Open Access

Gene Expression Profiles are Altered in Human Papillomavirus-16 E6 D25E-Expressing Cell Lines

Contributed equally
Virology Journal20118:453

https://doi.org/10.1186/1743-422X-8-453

Received: 13 July 2011

Accepted: 25 September 2011

Published: 25 September 2011

Abstract

Previously, we have reported that the human papillomavirus (HPV) type 16 E6 D25E is the most prevalent variant in Korean women at high risk for cervical cancers. Several studies have identified an association between the increased frequency of this variant and the elevated risk of cervical intraepithelial neoplasia and invasive cervical carcinoma. To investigate whether the HPV-16 E6 D25E variant might influence cervical cancer progression, we used an oligonucleotide microarray approach to identify transcriptionally altered gene expression patterns in recombinant wild-type E6 or E6 D25E variant-expressing HPV-negative cancer cells. We found that 211 genes were significantly up- or down-regulated (at least 1.5-fold, p < 0.05). We identified 14 genes, nine down-regulated and five up-regulated upon E6 D25E expression, compared with wild-type E6 expression. These results further emphasize the unique biological activity of the HPV-16 E6 D25E variant.

Findings

High-risk types of the human papillomavirus (HPV) are causative agents in most cases of cervical carcinoma. Much of the transforming ability of this virus can be attributed to the activities of its E6 and E7 oncoproteins [1]. The gene for E6 is one of the earliest expressed during HPV infection and plays an important role in cellular immortalization and transformation [2]. The best-known activity of E6 is its ability to accelerate the degradation of the p53 protein [3]. E6 also has multiple transformation properties such as regulating transcriptional regulators and cellular homeostasis, which are finely tuned by controlling proliferation, differentiation and apoptosis [4]. Interestingly, the E6 gene can immortalize primary human mammary epithelial cells in culture [2] and induced malignancy in a transgenic mouse model [5].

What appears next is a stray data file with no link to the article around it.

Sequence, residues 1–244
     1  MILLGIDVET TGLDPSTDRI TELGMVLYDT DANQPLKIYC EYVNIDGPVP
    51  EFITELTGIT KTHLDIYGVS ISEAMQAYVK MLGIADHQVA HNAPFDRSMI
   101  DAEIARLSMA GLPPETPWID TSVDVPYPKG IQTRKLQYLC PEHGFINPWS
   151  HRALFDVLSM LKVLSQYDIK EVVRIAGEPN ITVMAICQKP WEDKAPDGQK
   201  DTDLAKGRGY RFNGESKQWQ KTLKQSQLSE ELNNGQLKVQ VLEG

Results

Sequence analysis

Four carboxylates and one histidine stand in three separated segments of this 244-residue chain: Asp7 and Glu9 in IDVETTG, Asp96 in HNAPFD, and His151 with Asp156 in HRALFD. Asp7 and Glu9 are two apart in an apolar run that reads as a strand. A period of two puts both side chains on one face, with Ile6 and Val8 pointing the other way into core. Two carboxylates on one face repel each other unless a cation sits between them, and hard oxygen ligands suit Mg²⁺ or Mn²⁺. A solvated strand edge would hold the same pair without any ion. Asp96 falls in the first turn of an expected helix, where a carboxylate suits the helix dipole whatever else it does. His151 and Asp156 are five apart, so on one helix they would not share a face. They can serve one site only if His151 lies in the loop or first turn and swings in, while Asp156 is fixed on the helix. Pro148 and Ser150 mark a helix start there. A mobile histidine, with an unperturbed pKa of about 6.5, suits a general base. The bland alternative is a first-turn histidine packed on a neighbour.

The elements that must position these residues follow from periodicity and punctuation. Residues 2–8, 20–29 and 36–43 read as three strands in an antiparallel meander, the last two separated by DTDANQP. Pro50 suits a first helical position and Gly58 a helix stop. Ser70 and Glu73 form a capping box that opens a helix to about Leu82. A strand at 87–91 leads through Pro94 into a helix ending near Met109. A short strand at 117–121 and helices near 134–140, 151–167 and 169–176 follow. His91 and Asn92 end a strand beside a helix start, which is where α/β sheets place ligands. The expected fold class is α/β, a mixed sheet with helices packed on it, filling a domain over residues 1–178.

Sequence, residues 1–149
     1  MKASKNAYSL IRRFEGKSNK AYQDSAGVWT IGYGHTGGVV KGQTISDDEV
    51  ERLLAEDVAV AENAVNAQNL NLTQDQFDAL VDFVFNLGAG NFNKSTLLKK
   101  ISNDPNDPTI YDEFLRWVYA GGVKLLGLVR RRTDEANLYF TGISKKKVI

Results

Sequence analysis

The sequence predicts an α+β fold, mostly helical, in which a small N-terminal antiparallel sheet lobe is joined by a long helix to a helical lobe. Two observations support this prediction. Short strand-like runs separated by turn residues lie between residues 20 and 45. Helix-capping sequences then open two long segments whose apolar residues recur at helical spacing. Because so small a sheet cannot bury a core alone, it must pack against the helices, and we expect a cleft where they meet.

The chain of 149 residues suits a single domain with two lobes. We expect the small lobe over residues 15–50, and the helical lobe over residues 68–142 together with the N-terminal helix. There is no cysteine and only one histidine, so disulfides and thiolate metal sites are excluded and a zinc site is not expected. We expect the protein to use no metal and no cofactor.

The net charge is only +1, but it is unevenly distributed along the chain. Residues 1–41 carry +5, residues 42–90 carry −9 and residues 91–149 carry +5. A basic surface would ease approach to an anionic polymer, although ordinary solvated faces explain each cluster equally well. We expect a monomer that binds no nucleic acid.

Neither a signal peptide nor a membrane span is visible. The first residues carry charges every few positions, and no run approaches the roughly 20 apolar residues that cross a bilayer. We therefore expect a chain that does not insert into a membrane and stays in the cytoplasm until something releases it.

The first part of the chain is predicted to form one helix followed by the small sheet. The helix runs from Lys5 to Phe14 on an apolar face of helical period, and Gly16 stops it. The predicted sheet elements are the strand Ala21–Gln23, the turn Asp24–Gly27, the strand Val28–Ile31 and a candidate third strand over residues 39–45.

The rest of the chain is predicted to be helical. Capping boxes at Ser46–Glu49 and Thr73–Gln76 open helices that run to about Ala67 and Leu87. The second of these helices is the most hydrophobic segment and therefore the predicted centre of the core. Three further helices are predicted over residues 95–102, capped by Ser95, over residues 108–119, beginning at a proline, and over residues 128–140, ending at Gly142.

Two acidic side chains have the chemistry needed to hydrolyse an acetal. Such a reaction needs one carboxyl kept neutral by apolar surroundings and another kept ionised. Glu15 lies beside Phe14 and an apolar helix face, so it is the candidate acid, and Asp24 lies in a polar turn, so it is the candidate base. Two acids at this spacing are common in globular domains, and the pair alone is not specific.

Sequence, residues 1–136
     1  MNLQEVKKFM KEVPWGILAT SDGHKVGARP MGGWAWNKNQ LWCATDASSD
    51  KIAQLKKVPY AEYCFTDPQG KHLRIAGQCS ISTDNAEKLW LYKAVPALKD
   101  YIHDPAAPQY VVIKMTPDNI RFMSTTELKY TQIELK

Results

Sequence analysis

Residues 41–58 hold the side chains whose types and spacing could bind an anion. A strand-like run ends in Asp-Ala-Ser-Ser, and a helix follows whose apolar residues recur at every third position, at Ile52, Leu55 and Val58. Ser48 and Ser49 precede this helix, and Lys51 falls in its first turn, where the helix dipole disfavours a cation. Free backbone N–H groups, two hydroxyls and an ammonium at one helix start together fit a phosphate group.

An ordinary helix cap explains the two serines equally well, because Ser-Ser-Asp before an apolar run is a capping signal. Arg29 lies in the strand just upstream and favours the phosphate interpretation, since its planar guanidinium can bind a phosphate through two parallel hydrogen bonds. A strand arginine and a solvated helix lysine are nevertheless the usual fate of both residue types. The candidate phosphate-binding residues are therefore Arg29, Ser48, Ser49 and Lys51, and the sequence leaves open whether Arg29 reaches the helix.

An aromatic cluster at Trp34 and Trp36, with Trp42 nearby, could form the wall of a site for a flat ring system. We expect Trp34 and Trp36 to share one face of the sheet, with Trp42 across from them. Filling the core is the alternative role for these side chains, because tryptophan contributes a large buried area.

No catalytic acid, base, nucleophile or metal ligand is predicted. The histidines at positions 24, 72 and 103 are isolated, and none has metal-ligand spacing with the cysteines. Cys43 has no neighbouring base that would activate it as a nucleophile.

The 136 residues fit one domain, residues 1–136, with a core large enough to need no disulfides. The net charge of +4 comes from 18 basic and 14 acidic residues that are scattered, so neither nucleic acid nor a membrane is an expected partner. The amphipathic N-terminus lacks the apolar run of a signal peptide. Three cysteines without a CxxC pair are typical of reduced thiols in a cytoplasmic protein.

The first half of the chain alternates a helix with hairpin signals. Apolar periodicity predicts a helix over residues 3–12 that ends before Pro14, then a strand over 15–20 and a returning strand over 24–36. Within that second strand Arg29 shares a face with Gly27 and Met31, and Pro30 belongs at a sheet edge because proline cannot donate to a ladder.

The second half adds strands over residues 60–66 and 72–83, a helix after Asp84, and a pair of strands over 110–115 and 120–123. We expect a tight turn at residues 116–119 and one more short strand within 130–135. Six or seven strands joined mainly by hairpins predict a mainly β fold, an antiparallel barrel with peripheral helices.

HPV-16 is the most frequent type found in invasive cervical carcinoma (ICC) as well as in cervical intraepithelial neoplasia (CIN) in Asian women. Accumulated epidemiological studies suggest that certain HPV-16 E6 variants could influence the persistence of the infection [6]. Furthermore, one HPV-16 E6 variant harboring an amino acid change at position 83 by substituting leucine for valine (L83V) was reported in Swedish and Italian populations [7, 8], and another change at position 25 by substituting aspartic acid for glutamic acid (D25E) was reported in Japanese [9] and Chinese [10] populations: these were associated with the progression of cervical carcinoma. Our previous study showed that HPV-16 E6 D25E is the most prevalent variant in Korean women at high risk for developing cervical cancers [11]. However, no studies have addressed the molecular relationship between the E6 D25E variant and cervical carcinogenesis. To identify alterations in the gene regulatory network that might be associated with the presence of the HPV-16 E6 D25E compared with wild-type E6 in cervical carcinogenesis, we performed microarray analyses in HPV-negative cancer cell lines expressing recombinant wild-type E6 or E6 D25E variant proteins.

The HPV-negative cervical cancer cell line C33A was purchased from the American Type Culture Collection (Rockville, MD, USA) and maintained in modified Eagle's medium supplemented with 10% fetal bovine serum (Gibco BRL, Rockville, MD, USA), penicillin (100 U/ml) and streptomycin (100 μg/ml) at 37 °C in a humidified incubator with 5% CO2.

The wild-type E6 and D25E variant genes were amplified from HPV-16-infected cervical swabs [10] and inserted into a pLenti6.3/V5-TOPO lentiviral vector (Invitrogen, Carlsbad, CA, USA) followed by sequence analysis. C33A cells were infected with the recombinant lentivirus and the cells with stably maintained E6 genes were screened by blasticidin selection (10 μg/μl; Invitrogen).